I had one or two other small points to put to the House, but I think that as I have spoken rather longer than I had intended to do, I had better leave them now, and, if in any discussion there may be of the Amendment any material objections to the Amendment are raised, deal with them afterwards.

I put my case simply on this footing, that, as I have endeavoured to show, my own personal researches lead me firmly to the conclusion that the activities of Southport do not, in this instance, give cause for concern and are not affecting detrimentally the activities of the river board and that there is no practical possibility of their doing so. I move my Amendment because I submit that the principle on which we should act is that control should be given only where there is reason for it; and that there is no reason for it in this case. All my Amendment will do, if accepted, will be to bring about that situation.

12.15 p.m.

Mr. Dudley Williams

First, I should like to congratulate my hon. Friend the Member for Southport (Mr. Percival) on the care which he has given to the presentation of his case to the House. I think it was a first-class effort, and showed great consideration for the rights of his own constituents. However, I am wondering whether he is right to press this point at this stage, and whether it would not be better if examination of it were to be made in another place, which, of course, is possible.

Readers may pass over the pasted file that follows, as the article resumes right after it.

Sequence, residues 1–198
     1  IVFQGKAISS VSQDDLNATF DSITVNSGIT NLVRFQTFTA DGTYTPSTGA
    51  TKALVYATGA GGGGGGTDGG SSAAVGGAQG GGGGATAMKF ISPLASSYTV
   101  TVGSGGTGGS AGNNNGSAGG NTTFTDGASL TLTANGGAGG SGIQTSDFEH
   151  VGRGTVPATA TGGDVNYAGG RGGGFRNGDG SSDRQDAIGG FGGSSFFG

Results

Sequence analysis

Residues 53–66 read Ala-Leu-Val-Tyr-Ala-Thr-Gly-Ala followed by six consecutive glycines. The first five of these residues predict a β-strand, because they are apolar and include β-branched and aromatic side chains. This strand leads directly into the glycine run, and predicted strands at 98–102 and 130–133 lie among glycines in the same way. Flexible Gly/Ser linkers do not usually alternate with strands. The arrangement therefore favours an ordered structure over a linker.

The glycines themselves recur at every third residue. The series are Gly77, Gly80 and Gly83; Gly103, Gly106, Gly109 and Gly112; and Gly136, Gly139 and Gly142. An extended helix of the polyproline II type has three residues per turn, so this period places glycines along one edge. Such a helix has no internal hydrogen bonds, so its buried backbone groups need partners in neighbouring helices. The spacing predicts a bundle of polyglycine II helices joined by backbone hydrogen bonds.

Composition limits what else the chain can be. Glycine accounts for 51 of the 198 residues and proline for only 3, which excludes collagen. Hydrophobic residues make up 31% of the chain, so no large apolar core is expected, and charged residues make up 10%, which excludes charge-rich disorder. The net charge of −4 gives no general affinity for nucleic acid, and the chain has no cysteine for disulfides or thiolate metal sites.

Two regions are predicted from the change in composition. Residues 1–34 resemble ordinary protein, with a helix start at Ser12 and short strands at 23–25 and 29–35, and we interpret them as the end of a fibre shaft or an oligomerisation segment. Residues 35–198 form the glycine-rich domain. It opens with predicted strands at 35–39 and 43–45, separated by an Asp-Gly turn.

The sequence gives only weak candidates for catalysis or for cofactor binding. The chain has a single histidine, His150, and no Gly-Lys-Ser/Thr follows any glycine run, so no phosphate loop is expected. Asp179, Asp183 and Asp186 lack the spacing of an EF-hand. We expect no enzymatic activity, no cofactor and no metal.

What my hon. Friend is concerned about is that the Ribble, as he has explained so clearly, has this tributary which runs into it from the Southport direction. I should have thought that it was very desirable for the river board to have control of what goes into that tributary. I do not know whether my hon. Friend is nervous lest the Southport local authority is likely to be unduly pressed by the river board. I can assure him that it is not so. I think that the river boards exercise their powers with great discretion.

Indeed, in the Rivers (Prevention of Pollution) Act, 1951, there are adequate restrictions on unfair uses of river boards' powers. My hon. Friend will find, if he looks it up, that the last part of Section 7 (5) makes it clear that anyone has a right to appeal to the Minister if people feel that they have been unfairly treated by a river board, and not only have they the right of appeal, but the Minister has the right, if he thinks fit to do so, to direct the board to vary or revoke any such condition. I do not think that the local authority need be at all nervous about the powers which the river board has. The board is under very strict supervision. I do not myself think that there is need for any fears in that respect.